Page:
Signs that a solitary piggy is lonely can include:

  • Not eating, resulting in weight loss
  • Inactivity, which may lead to obesity.
  • They may become skittish and hide more than usual.
  • Aggressive or unwanted behavior like chewing the cage bars or making excessive noise as it tries to attract attention.

The best way to remedy the situation is to adopt another lonely piggy. Even if they don’t get along as cage mates straight away, placing a divider into a good-sized cage will allow them to interact safely and give them the companionship they crave.

What Should I Do If One Guinea Pig Dies?

Sometimes having only one guinea pig is inevitable, which is often the case when one of a pair crosses the rainbow bridge. While it is sad to lose a pet, owners must act quickly to minimize the psychological and physical effects of loneliness on the remaining piggy.

Losing a cage mate is a huge stressor, so finding another suitable guinea pig companion as soon as possible is advisable. In the meantime, try to spend more time with the remaining animal and provide plenty of environmental enrichment and toys.

Do not change the remaining piggy’s routine, diet, or environment. Although a group of cavies can cope with changes, a solitary animal will become highly stressed.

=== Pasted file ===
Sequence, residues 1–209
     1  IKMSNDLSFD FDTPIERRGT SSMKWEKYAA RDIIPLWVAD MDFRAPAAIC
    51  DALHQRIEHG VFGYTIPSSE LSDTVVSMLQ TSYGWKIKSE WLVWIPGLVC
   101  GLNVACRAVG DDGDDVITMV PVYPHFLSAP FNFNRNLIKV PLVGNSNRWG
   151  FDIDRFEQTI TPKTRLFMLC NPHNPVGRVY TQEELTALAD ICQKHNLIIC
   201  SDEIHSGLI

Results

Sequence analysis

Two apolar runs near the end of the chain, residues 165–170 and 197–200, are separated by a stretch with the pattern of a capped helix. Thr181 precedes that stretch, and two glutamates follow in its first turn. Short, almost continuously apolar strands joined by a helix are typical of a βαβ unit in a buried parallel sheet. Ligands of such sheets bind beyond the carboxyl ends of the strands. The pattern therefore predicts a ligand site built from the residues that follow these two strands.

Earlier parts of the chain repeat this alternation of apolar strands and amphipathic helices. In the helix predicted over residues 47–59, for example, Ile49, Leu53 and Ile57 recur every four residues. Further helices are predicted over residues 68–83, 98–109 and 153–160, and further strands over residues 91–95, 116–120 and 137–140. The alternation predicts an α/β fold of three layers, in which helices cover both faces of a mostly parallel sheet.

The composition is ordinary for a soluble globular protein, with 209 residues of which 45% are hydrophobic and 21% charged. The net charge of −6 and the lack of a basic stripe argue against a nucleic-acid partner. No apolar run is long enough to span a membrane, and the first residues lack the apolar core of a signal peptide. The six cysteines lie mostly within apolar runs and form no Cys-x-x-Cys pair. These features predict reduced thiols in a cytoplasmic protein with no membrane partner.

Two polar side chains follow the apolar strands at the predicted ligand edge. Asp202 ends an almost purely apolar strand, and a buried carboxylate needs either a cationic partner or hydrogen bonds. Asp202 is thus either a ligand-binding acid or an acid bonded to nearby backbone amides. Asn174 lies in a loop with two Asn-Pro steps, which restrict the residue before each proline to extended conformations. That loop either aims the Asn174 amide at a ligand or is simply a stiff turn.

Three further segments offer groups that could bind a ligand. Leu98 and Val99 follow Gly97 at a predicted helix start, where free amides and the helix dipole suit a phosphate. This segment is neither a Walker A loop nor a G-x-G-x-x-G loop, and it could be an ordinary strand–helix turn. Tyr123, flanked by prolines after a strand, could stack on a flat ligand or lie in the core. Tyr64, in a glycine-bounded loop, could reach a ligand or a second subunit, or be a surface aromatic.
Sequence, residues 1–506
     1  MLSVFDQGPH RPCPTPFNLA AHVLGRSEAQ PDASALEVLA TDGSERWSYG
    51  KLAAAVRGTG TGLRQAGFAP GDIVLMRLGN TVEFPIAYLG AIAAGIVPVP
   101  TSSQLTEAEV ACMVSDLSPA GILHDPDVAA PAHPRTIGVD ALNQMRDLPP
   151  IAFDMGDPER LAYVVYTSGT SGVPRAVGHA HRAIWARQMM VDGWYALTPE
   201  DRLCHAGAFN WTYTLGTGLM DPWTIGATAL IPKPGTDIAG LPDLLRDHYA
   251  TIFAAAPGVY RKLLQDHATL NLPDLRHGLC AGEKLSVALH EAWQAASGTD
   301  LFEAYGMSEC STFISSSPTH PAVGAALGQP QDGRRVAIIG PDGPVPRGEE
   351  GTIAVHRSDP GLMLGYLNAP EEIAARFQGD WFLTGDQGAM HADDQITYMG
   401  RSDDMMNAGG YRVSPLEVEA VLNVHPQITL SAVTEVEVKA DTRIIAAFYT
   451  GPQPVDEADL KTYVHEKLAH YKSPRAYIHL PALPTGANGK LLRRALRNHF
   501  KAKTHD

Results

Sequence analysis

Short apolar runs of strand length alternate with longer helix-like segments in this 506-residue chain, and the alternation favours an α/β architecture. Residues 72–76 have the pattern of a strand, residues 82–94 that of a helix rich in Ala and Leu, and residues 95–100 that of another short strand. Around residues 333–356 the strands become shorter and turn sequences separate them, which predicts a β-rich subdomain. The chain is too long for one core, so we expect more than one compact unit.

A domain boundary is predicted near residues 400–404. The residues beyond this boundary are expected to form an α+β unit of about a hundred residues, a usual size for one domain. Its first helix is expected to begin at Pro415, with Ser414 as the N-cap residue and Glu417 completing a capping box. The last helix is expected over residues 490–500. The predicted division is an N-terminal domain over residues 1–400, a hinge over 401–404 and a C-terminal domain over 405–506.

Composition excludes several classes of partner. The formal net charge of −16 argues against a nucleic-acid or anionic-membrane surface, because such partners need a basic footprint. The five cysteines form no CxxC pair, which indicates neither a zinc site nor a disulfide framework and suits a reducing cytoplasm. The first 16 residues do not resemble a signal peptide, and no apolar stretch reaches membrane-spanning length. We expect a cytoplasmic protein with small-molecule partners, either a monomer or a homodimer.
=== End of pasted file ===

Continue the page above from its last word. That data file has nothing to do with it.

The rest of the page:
Can A Guinea Pig Die Of Loneliness?

When a guinea pig is kept on its own, it is more likely to become depressed than an animal with a companion. A depressed piggy may not eat or exercise as much as it should, which will negatively impact its health and can lead to death.

Guinea pigs, like horses, must eat dry grass fodder almost continuously to maintain good gut health. Long breaks or lack of movement can quickly result in conditions like guinea pig bloat, which can be fatal. So while the actual cause of death may not be loneliness, a lonely cavy is far more likely to develop life-threatening conditions than one with a cage buddy.

What Animal Can I Put With A Guinea Pig?

If you have a solitary guinea pig, it may be tempting to find it a small furry companion of another species. No matter how well-meaning, it is never a good idea to team a guinea pig up with anything other than his own breed.

Guinea pigs are highly social animals that communicate with each other in their own specialized piggy-lingo. They have a specific diet and characteristics that are unique to the way that they have evolved.

Adding a rabbit or hamster to a guinea pig cage would be like a human being stuck inside a car with a grumpy raccoon. Just because it’s a similar size does not mean that they will be able to get along. In fact, a highly territorial hamster may very well attack your furry friend, even though it is much smaller.

The only animal that should share a cage with your guinea pig is another cavy. If it is impossible to get another, owners need to spend as much time as possible with their guinea pig.

Conclusion

Cavies should always be kept in pairs or small groups. Although it is not impossible to keep a solitary animal, it will require a large daily time commitment from the owner, and it is not the best option for the animal. As highly social herd animals, guinea pigs enjoy interacting with each other. Keeping two means your piggies will have companionship 24/7 and never feel lonely, even when you aren’t home.